By Walter Wuthmann
The Forecaster news story
BRUNSWICK — The Town Council on Monday unanimously approved a ban on polystyrene foam packaging, making Brunswick the fourth community in the region to prohibit most food retailers from using the material.
The vote reflected a public hearing and process virtually devoid of opposition.
“The expression in support of this ban has been so overwhelming,” Councilor Dan Harris said before the vote.
Brunswick follows Freeport, Portland and South Portland in banning the foam packaging.
Starting Oct. 1, the new ordinance bans the use of polystyrene containers for packaging food at grocery stores, coffee shops and restaurants. It does not apply to food that comes pre-packaged in polystyrene, or packaging for seafood.
At a public hearing Monday, Brunswick residents and out-of-town supporters packed council chambers until it was standing room only. Thirteen people spoke in favor of the ban.
“(It’s) very simple to me,” said Lorel Nazzaro, of Pennell Way. “It would be highly irresponsible … not to adopt a ban.”
Alwyn Ecker, of Simpson’s Point Road, and a senior at Waynflete School in Portland, brought a garbage bag filled with foam cups, containers and scraps to the podium. She said she collected the garbage in “about an hour” the day before on the banks of the Androscoggin River, just below the Brunswick-Topsham bridge.
“There are thousands (of miles) of shoreline and tidal river” in Maine, Ecker said. “I hope we can do something about this.”
Marcia Harrington, one of the lead organizers of the group Bring Your Own Bag – Midcoast, which proposed the foam ban last October, said that when people see litter, “no one thinks it’s (theirs). But obviously, it’s someone’s.”
One person spoke against the proposed ordinance. Jim Trusiani, a former Topsham selectman, said the ban is hypocritical because “you as a municipality don’t follow it.”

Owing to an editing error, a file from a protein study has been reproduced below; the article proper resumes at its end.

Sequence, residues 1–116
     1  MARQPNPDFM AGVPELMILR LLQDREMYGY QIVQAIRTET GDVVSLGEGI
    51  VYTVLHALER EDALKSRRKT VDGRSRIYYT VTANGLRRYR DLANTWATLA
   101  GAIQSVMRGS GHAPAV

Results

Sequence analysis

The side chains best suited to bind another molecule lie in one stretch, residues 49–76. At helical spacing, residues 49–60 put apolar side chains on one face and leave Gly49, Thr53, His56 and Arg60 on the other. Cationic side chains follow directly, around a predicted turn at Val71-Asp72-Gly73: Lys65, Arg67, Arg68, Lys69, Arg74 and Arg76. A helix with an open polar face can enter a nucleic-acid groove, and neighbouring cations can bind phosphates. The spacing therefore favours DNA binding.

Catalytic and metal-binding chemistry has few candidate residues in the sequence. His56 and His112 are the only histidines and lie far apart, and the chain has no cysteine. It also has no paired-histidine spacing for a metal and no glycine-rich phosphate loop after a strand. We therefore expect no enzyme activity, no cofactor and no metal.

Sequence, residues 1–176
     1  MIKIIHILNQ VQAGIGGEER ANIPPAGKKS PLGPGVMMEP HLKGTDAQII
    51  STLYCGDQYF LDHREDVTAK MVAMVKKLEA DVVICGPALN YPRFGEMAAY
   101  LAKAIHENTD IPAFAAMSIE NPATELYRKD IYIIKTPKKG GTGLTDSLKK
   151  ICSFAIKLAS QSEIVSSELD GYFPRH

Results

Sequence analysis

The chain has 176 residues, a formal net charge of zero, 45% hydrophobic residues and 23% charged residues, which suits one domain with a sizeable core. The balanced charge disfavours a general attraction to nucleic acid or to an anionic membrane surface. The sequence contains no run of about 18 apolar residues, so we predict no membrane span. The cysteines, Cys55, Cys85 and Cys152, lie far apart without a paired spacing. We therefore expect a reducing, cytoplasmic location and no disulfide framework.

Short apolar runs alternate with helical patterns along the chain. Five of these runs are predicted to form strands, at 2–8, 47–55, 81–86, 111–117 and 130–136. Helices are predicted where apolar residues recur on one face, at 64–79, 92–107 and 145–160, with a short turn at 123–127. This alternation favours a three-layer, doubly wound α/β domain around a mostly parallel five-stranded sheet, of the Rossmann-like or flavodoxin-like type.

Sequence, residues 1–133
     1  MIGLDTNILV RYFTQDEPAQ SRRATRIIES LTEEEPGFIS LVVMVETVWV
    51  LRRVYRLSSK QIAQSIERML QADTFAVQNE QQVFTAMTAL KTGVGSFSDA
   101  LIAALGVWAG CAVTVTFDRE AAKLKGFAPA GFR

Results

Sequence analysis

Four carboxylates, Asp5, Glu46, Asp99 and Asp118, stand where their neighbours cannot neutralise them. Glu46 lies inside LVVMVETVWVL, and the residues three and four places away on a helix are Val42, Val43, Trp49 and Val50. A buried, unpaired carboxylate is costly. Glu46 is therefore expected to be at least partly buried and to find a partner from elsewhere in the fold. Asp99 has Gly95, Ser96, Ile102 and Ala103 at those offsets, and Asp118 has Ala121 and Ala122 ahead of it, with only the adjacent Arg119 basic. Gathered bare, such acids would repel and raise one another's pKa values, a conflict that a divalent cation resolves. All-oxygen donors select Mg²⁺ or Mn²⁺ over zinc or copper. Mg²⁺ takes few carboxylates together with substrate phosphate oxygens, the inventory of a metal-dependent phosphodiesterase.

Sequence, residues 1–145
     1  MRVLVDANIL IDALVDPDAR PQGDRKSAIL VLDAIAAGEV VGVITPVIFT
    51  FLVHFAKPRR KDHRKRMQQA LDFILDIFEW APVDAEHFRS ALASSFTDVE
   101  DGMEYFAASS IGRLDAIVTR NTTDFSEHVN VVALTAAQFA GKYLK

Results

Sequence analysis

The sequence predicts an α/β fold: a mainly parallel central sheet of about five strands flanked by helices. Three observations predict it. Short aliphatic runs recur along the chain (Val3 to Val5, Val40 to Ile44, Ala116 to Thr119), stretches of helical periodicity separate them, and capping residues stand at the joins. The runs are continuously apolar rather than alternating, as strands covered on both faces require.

Pointing to a TV on a nearby wall, he argued that it probably came in foam packaging when the town bought it. “(So) don’t pick on retailers … pick on yourselves,” he said.
But Council Chairwoman Sarah Brayman noted there had been very little opposition from businesses.
In three information sessions hosted by the town for affected local businesses, no business representatives showed up – other than Wild Oats owner Becky Shepherd, an advocate of the ban.
Councilor Suzan Wilson, who pushed to have those meetings organized, said she had a message for the “complainers” who “chose not to come.”
“I’m very sorry because I will be supporting this ban,” she said.
After the meeting, BYOB co-founder Marcia Harrington said her group publicized the public hearing and encouraged people to show up through “individual emails, calls, or conversations,”
She also said the Natural Resources Council of Maine sent out an email blast to its Brunswick members.
The foam ban was originally pitched at a BYOB press conference in October as part of a broader effort, including a proposed 5-cent fee on single-use shopping bags.
The two initiatives were separated after Brunswick councilors questioned the bag fee. BYOB organizers and members of the Recycling and Sustainability Committee decided to move first on the foam ban.
Harrington said the group’s next step will be organizing a workshop with the council, after budget season, to discuss the bag fee.
“We want to use the goodwill from last night to try to get a workshop as soon as possible,” she said.